Mummies have been objects of horror and fascination in popular culture since the early 1800s at least — over a century before Boris Karloff portrayed an ancient Egyptian searching for his lost love in the 1932 film “The Mummy.”
Public “unwrappings” of mummified human remains performed by both showmen and scientists heightened the fascination, but also helped develop the growing science of Egyptology.
Dr. Kathleen Sheppard an historian from the Missouri University of Science and Technology argues this point in her latest article entitled “Between Spectacle and Science: Margaret Murray and the Tomb of the Two Brothers” in the December issue of the journal Science in Context.
While it is a painful truism that brutality and violence are at least as old as humanity, so, it seems, is caring for the sick and disabled. And some archaeologists are suggesting a closer, more systematic look at how prehistoric people — who may have left only their bones — treated illness,…
A giant cave that might have helped serve as the inspiration for the mythic ancient Greek underworld Hades once housed hundreds of people, potentially making it one of the oldest and most important prehistoric villages in Europe before it collapsed and killed everyone inside, researchers say.
The complex settlement seen in this cave suggests, along with other sites from about the same time, that early prehistoric Europe may have been more complex than previously thought.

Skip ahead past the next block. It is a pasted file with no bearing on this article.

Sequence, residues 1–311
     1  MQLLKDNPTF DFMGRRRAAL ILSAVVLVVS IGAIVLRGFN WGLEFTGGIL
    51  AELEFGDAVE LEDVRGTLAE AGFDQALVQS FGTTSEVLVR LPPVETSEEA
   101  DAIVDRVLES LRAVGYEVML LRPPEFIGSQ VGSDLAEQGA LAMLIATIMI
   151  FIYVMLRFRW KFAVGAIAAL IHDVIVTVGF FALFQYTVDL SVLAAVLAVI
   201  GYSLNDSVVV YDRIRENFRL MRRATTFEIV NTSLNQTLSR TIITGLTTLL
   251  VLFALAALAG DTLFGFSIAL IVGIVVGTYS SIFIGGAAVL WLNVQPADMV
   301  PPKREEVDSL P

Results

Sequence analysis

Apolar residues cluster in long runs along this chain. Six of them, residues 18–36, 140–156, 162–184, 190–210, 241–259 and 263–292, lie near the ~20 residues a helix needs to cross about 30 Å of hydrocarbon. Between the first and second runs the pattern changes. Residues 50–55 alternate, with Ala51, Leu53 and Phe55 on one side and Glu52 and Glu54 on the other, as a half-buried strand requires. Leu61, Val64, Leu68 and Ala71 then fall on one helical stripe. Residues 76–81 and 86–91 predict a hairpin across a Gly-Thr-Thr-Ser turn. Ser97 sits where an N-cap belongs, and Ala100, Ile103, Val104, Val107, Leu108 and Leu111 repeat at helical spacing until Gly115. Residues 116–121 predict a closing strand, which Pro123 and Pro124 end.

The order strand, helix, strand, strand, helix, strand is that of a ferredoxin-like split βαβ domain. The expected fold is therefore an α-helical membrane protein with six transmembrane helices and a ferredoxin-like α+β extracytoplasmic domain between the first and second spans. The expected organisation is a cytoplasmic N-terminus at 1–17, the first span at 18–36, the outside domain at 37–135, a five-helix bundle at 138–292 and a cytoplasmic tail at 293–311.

The cave, located in southern Greece and discovered in 1958, is called Alepotrypa, which means “foxhole.”
“The legend is that in a village nearby, a guy was hunting for foxes with his dog, and the dog went into the hole and the man went after the dog and discovered the cave,” said researcher Michael Galaty, an archaeologist at Millsaps College in Jackson, Miss. “The story’s probably apocryphal — depending on who you ask in the village, they all claim it was their grandfather who found the cave.”
The largest ancient Egyptian sarcophagus has been identified in a tomb in Egypt’s Valley of the Kings, say archaeologists who are re-assembling the giant box that was reduced to fragments more than 3,000 years ago.
Made of red granite, the royal sarcophagus was built for Merneptah, an…
Viewed from the comfort of the deckchairs on the vast, palm-lined beaches overlooking the Atlantic, life in Gambia can seem as unblinkingly bright as the guaranteed winter sunshine.
For the 65,000 Britons who flock here each year, the former colony has become a West African Costa Brava, offering super-cheap package deals, few lager louts, and nothing more hazardous than over-eager street hawkers touting voodoo masks and talismans.
Absent from the hawkers’ sales patter, however, is any mention of the very real witchcraft cult that has blighted this tiny nation of 1 million in recent years.
The story of Gambia’s darker side begins on the other side of the sleepy capital, Banjul, where a few miles from the luxury beach resorts, there is the rather more spartan accommodation of the “Mile 2 Hotel”. The nickname for the notorious Mile 2 prison, its mosquito-plagued cells are a likely destination for critics of Yahya Jammeh, Gambia’s eccentric faith healer-turned-president.